Rollsigns from Canadian Airlines
Shuttle Buses
This mint condition mylar
rollsign, printed by
Transign, was designed
for one of their shuttle
buses, possibly an
employee shuttle. The
"Canadian" logo is the
only exposure on it. The
sign has no print date.
Canadian Airlines Corporation, under the parent company of Canadian Airlines International, was formed on March
27, 1987 when Pacific Western Airlines purchased Canadian Pacific Airlines (CP Air) and its subsidiaries. The system
adopted the Canadian logo and a new livery for its planes upon its inception. The chevron for the letter placement
was a tricky play on the word so that it would mean the same in both English and French (Canadian / Canadien).
Canadian Airlines had major hubs in Vancouver, Calgary, Toronto and Montreal. In 1989, they expanded their service
to Europe and the United Kingdom after acquiring Wardair. After the airline industry slump in 1991, the company
explored financial restructuring plans. On November 1, 1996, a widespread restructuring plan was unveiled by the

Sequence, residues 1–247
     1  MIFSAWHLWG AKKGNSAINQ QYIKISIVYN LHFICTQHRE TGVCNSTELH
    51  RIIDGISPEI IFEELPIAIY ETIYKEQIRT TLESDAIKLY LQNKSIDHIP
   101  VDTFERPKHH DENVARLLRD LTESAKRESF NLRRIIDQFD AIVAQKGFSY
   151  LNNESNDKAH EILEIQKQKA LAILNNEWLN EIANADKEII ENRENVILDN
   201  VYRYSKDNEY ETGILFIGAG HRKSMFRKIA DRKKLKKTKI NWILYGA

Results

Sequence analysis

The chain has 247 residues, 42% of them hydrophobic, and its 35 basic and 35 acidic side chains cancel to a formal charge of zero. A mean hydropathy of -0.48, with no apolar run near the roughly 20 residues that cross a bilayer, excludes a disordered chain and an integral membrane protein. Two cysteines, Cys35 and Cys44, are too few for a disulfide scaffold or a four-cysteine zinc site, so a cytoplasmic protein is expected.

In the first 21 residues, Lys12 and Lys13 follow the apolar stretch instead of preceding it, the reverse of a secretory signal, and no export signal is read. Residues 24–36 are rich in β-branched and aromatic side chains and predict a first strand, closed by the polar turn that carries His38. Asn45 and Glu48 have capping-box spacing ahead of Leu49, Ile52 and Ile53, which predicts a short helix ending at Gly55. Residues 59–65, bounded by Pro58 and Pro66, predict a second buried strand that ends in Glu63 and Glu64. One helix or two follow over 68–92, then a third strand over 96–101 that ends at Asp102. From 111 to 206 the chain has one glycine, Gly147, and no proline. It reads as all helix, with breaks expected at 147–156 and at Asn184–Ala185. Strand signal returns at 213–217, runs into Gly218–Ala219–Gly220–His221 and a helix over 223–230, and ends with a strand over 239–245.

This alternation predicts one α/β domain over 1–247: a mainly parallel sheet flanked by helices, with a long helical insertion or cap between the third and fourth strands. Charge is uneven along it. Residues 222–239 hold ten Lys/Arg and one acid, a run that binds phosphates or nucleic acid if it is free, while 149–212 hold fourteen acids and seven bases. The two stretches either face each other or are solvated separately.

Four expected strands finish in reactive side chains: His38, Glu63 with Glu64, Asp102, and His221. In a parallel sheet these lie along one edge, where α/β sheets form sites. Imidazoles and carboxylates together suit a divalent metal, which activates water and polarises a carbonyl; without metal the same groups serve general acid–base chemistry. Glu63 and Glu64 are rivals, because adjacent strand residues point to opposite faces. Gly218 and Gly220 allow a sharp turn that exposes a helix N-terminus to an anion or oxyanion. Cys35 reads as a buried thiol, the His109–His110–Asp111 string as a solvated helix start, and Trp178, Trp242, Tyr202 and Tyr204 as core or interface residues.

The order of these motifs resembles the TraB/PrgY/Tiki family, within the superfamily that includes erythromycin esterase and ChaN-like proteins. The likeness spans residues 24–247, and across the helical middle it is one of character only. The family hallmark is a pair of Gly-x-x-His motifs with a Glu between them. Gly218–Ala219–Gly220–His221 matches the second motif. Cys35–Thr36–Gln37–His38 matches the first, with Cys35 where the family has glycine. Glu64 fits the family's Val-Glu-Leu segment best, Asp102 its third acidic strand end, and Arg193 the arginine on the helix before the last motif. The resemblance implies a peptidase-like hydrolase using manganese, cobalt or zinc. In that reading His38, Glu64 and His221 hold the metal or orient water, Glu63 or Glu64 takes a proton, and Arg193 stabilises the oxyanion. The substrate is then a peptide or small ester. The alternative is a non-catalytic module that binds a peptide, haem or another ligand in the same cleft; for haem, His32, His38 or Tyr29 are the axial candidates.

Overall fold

president and CEO at the time, Kevin Benson. It went well at first, but the Asian economic downturn in 1998 continued
to impact service. In 1999, Canadian Airlines adopted a short lived new "proud wings" livery for its planes featuring a
large Canada goose across the tail end. Very few of the plane got this new livery before the carrier dissolved. After
continued poor performance and several proposals to save the company, Canadian Airlines was bought by Air
Canada in 2000. After the acquisition, some former Canadian Airlines planes sported a hybrid livery, where the
Canadian logo was near the front, but with black and red Air Canada maple leaf logo on the tail.